Pharmacokinetic interactions occur when one drug affects the absorption, distribution, metabolism or excretion of a concomitant medicine.4 Many pharmacokinetic interactions arise because of changes in levels of, or competition for, members of a group of enzymes called cytochrome P450s (CYPs). This ubiquitous group of enzymes has several biological actions. For instance, some of the 57 or so cytochrome P450s expressed by humans are involved in synthesis of steroid hormones, prostaglandins and bile acids.7 In addition, about 12 cytochrome isoenzymes metabolise 70–80 per cent of all drugs in clinical use.7
St John’s wort illustrates how herbs can interact with prescription drugs by influencing the cytochrome P450 system. St John’s wort is best known as an herbal treatment for depression and anxiety. But patients may take St John’s wort for a variety of other ailments including sleep disorders, the common cold, herpes, HIV infection, as a topical analgesic, and as an enema for ulcerative colitis.6 However, St John’s wort potentially reduces the concentration or effect of several drugs including warfarin, ciclosporin, HIV protease inhibitors, theophylline, digoxin and oral contraceptives. These interactions probably occur as a result of induction of the cytochrome P450 isoenzymes, such as CYP3A4, CYP2C9 and CYP1A2.3
P-glycoprotein is responsible for other interactions between herbs and prescription medicines. This transmembrane transporter, which is vital for the elimination, absorption or both of many drugs, is extensively expressed by the intestinal epithelium, hepatocytes, renal proximal tubular cells, the adrenal gland and the blood-brain barrier.
P-glycoprotein transports, for example, the immunosuppressant ciclosporin. St John’s wort can induce P-glycoprotein. So, the combination of induction of CYP3A4 (which metabolises ciclosporin) and P-glycoprotein can reduce plasma levels of ciclosporin by between 25 and 62 per cent within three to four weeks of starting St John’s wort. In some cases, concomitant St John’s wort can reduce ciclosporin concentrations to subtherapeutic levels, increasing the risk that the patient will reject a transplanted organ.3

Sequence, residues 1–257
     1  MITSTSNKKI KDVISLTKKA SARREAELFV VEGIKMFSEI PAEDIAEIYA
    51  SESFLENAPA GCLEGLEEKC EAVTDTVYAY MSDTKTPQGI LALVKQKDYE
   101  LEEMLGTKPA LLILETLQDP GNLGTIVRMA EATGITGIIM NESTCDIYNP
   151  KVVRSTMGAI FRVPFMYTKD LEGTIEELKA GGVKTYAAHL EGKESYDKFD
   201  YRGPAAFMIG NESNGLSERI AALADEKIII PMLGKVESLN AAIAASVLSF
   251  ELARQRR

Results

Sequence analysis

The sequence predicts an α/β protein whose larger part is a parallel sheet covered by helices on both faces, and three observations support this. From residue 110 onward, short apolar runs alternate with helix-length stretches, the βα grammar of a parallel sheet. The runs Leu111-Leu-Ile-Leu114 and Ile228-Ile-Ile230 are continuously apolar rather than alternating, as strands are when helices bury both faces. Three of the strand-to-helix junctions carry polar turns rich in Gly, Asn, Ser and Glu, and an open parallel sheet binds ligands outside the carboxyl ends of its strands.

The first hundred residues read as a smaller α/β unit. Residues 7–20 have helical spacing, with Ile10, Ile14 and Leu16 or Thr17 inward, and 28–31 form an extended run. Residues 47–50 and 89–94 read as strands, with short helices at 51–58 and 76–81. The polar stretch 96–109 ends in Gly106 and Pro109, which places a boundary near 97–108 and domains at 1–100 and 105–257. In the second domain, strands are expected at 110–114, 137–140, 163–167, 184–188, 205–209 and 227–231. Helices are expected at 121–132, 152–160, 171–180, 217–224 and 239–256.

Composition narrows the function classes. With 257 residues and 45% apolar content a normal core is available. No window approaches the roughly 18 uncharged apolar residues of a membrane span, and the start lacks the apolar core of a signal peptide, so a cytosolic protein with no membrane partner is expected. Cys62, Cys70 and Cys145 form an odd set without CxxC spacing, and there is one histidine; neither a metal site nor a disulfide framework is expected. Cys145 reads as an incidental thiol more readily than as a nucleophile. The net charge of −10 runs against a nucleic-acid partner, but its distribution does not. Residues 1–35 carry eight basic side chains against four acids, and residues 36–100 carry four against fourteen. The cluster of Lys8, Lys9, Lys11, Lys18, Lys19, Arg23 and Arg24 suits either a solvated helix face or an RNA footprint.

Professor Pirmohamed notes that understanding the role of P450 enzymes, phase II enzymes and transporters “is always important” when prescribing any drug. (As an aside: phase II metabolism occurs when metabolism by cytochrome P450 and the other phase I reactions either do not clear the drug or generate a reactive metabolite. Phase II involves ‘conjugation reactions’; in other words, enzymes add a large polar group, such as glucuronide, to the drug. This further increases solubility, which aids elimination.)
“Although our understanding of cytochrome P450 and phase II enzymes is good and increasing, that of transporters is much less,” Professor Pirmohamed says. “There are myriad transporters beyond P-glycoprotein that are responsible for the influx of drugs into cells and their efflux out of cells. We do not fully understand the substrate specificities, how transporters vary, and how genetics affects their activity. For herbs, this is complicated by the fact that we do not have enough knowledge of their interaction with P450s, transporters, etc. Therefore, at present it is difficult to predict their interactions.”
Finding the culprit